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Cartilage defects pose a significant clinical challenge as they can lead to joint pain, swelling and stiffness, which reduces mobility and function thereby significantly affecting the quality of life of patients. More than 250,000 cartilage repair surgeries are performed in the United States every year. The current gold standard is the treatment of focal cartilage defects and bone damage with nonflexible metal or plastic prosthetics. However, these prosthetics are often made from hard and stiff materials that limits mobility and flexibility, and results in leaching of metal particles into the body, degeneration of adjacent soft bone tissues and possible failure of the implant with time. As a result, the patients may require revision surgeries to replace the worn implants or adjacent vertebrae. More recently, autograft – and allograft-based repair strategies have been studied, however these too are limited by donor site morbidity and the limited availability of tissues for surgery. There has been increasing interest in the past two decades in the area of cartilage tissue engineering where methods like 3D bioprinting may be implemented to generate functional constructs using a combination of cells, growth factors (GF) and biocompatible materials. 3D bioprinting allows for the modulation of mechanical properties of the developed constructs to maintain the required flexibility following implantation while also providing the stiffness needed to support body weight. In this review, we will provide a comprehensive overview of current advances in 3D bioprinting for cartilage tissue engineering for knee menisci and intervertebral disc repair. We will also discuss promising medical-grade materials and techniques that can be used for printing, and the future outlook of this emerging field.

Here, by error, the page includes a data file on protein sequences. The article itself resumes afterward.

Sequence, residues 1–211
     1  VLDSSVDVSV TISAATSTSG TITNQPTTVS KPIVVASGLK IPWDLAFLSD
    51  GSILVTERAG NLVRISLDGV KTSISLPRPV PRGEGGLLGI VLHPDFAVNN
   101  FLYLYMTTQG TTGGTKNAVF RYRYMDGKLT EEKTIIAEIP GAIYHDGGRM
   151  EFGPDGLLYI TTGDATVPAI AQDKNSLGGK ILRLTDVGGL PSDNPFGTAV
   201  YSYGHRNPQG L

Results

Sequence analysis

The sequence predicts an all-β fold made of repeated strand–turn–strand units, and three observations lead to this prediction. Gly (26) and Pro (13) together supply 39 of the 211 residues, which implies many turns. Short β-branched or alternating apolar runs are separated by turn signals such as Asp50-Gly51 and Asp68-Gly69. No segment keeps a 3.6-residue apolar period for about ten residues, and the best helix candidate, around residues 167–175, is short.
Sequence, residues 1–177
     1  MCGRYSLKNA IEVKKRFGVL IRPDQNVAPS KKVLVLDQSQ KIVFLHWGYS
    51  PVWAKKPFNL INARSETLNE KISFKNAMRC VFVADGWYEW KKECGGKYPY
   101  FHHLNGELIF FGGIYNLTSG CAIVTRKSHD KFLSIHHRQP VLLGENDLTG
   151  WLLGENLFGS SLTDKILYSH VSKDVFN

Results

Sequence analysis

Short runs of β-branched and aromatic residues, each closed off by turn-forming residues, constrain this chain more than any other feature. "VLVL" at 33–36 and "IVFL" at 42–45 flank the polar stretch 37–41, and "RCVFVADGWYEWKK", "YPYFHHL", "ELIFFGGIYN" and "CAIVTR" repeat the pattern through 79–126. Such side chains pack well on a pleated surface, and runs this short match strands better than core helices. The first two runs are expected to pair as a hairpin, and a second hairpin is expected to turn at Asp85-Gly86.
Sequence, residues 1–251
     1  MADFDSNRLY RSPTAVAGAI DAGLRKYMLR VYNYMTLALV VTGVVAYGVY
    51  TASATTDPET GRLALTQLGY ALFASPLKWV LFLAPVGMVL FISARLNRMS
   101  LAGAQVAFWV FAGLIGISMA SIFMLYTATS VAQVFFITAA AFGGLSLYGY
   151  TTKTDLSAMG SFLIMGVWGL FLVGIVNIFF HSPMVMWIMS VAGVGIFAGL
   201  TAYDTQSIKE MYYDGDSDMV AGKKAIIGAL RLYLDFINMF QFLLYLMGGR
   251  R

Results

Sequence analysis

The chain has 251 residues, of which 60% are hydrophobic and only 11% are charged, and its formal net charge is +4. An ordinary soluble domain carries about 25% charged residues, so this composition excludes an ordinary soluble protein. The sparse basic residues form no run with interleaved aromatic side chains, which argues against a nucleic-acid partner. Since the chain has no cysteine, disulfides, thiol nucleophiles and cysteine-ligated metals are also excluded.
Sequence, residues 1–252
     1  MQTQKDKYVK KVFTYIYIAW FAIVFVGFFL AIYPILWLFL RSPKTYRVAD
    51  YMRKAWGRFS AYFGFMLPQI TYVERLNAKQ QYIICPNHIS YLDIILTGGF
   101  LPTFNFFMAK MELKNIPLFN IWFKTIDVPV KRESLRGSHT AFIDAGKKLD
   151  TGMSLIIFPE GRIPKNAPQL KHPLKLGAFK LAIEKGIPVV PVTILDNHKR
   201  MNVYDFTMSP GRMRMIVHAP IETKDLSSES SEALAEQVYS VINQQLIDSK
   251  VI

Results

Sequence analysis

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Frontiers in Bioengineering and Biotechnology



Creative Commons License

Creative Commons License
This work is licensed under a Creative Commons Attribution 4.0 License.


Kalindu Perera and Ryan Ivone are from the Department of Biomedical and Pharmaceutical Sciences.

Cheryl Wilga is from the Department of Biological Sciences and the Department of Electrical, Computer and Biomedical Engineering.

Jie Shen and Jyothi U. Menon are from the Department of Biomedical and Pharmaceutical Sciences and the Department of Chemical Engineering.